Glasshouses at Stockwood Park


Heritage Category:
Listed Building
List Entry Number:
Date first listed:
Statutory Address:
Glasshouses at Stockwood Park, Farley Hill, Luton, Bedfordshire, LU1 4BH


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Statutory Address:
Glasshouses at Stockwood Park, Farley Hill, Luton, Bedfordshire, LU1 4BH

The building or site itself may lie within the boundary of more than one authority.

Luton (Unitary Authority)
Non Civil Parish
National Grid Reference:


Two glasshouses constructed around the mid-C19 by J Weeks & Co.

Reasons for Designation

The glasshouses dating to around the mid-C19 are listed at Grade II for the following principal reasons:

Architectural interest

* they are well-preserved, retaining a high proportion of the original mechanisms for ventilation and temperature control, along the iron benches supported by the original ornate cast iron posts in the longer greenhouse; * as productive greenhouses, they are fairly utilitarian in style but this is relieved by the fluted mullions, ornate iron brackets and ball finials introduced into their design.

Historic interest

* they are very good examples of mid-C19 glasshouses designed and built by J Weeks and Co, a successful firm of horticultural builders that thrived throughout the C19 and into the early C20.

Group value

* they have strong group value with the stable block and walled gardens, both listed at Grade II, and the Grade II* registered Improvement Garden, altogether forming an important ensemble illustrating the evolution of the Stockwood estate over almost three centuries.


Stockwood was acquired by Richard Crawley in 1708 but it was his son, John, who was the main creator of the estate. John Crawley had already enlarged the estate by 1740 when he married a local heiress, Susannah Vanacker Sambrooke, and built a Palladian mansion, along with stables and a walled kitchen garden to the north. John continued to expand the estate until his death in 1767, after which progress was maintained by his widow and his son John. The younger John had no direct heir but his younger brother Samuel (d 1805) married a Nottinghamshire heiress, Eliza Rankin. Another Samuel Crawley (d 1852), presumably their son, bought further properties; and still later a few purchases were made by his son, John Sambrooke Crawley.

An article in The Cottage Gardener and Country Gentleman (October 11 1859) describes extensive glasshouses in the walled gardens (Grade II listed) which therefore presumably date to around the mid-C19. The two listed glasshouses are certainly present on the first edition Ordnance Survey map of 1880 which also shows two further glasshouses at right angles to the north-east with narrow building ranges to the rear. Another long greenhouse is shown adjoining the northern stretch of wall, and three parallel glasshouses are located in the west compartment of the walled garden. These three have since been demolished, and the others have been rebuilt (along with the building range), except for the two listed examples.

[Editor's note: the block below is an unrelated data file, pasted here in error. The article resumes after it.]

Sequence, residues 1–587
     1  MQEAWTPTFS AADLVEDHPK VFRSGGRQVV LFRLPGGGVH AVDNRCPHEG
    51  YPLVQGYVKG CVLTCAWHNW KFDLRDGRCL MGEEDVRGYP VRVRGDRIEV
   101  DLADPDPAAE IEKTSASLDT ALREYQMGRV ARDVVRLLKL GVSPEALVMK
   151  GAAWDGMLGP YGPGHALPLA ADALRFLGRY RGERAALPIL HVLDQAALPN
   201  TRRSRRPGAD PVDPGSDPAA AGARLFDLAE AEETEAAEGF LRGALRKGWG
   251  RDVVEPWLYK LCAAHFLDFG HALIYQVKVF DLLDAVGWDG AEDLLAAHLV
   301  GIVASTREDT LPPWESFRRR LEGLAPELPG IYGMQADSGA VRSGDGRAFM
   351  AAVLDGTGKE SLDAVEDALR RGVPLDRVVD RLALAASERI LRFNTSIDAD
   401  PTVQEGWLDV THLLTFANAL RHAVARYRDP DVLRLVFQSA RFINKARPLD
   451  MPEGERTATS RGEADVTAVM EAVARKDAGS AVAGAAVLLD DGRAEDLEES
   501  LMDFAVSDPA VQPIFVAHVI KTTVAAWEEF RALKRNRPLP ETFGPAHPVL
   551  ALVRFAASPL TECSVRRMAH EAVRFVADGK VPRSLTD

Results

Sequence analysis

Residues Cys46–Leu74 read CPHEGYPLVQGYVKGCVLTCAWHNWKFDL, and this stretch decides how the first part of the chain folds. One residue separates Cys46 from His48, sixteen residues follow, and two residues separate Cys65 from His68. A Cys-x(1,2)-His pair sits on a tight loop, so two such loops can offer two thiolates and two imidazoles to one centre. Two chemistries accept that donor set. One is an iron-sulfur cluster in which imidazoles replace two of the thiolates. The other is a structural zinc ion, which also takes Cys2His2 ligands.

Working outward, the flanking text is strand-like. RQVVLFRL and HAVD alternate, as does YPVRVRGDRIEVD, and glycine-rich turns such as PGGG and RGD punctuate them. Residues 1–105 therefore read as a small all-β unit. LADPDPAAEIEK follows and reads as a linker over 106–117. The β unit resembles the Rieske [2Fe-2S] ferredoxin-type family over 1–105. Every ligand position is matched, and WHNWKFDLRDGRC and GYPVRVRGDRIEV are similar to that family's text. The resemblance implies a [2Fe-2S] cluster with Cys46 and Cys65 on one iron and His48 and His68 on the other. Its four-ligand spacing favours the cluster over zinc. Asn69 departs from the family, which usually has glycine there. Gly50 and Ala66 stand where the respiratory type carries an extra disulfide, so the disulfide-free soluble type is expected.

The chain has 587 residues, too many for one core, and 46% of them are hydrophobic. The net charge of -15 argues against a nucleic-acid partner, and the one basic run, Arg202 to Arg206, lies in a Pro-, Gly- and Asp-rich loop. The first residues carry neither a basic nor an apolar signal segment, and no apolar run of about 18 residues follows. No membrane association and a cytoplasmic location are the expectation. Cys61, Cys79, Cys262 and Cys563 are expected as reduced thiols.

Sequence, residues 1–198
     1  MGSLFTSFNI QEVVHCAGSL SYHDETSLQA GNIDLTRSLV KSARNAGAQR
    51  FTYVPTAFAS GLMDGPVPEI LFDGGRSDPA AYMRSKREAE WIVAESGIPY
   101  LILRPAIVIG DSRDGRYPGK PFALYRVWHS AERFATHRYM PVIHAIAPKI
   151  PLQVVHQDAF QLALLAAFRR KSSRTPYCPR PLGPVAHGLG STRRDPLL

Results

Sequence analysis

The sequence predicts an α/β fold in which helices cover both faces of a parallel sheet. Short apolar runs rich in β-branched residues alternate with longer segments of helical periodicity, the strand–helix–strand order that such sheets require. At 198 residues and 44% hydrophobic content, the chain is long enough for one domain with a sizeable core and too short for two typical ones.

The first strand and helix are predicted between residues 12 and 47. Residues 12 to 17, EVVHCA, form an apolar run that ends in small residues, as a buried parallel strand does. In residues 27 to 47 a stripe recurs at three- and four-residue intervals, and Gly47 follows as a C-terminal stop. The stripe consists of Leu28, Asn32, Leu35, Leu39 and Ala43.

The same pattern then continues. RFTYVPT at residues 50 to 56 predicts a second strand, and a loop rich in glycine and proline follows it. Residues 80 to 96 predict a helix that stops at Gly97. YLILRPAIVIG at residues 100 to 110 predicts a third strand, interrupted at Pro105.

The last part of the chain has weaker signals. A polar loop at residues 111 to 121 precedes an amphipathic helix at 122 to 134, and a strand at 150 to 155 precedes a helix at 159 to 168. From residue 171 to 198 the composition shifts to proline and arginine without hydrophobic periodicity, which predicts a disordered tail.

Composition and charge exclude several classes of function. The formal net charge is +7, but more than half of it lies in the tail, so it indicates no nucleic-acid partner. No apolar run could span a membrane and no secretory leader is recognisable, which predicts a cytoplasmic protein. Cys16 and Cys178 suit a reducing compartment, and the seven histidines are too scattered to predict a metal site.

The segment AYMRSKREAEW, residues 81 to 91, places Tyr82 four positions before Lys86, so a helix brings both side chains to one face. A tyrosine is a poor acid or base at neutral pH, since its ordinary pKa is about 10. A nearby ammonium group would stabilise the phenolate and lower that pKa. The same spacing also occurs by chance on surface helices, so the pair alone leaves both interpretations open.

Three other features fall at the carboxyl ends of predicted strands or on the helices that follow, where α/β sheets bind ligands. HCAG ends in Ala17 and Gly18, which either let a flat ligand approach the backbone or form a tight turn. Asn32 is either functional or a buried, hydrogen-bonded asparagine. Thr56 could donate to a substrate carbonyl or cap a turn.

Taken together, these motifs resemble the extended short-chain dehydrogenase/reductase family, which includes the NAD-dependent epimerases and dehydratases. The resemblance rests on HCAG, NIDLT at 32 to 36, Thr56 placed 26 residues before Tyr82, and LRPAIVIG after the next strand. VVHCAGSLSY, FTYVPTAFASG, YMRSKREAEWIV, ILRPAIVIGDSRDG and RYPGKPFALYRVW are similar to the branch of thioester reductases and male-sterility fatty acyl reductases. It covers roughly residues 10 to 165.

The glasshouses were built as greenhouses, ie, for potting and growing plants as opposed to displaying them. They bear the maker’s stamp of ‘J. Weeks & Co Horticultural Engineers London’. The business had been established by Edward Weeks who started a garden building business around 1815, making boilers and heating systems. In the early 1840s he handed it over to his son, John, who described himself as a Horticultural Builder and Hotwater Apparatus Manufacturer and moved the premises to 124-126 Kings Road. He constructed a ‘magnificent winter garden’ as a showcase for his work on the new site and successfully sold boilers which were exhibited at all the major shows and exhibitions in Britain. Although Weeks had grown exotic plants for many years, as he grew older he decided to concentrate on the building and heating side of the business. When he retired in 1869 he passed the business over to his brother Alfred G W Weeks and to three other partners, George Deal, George Lillywhite and Alexander Saunders. The company continued as J Weeks & Company until about 1908.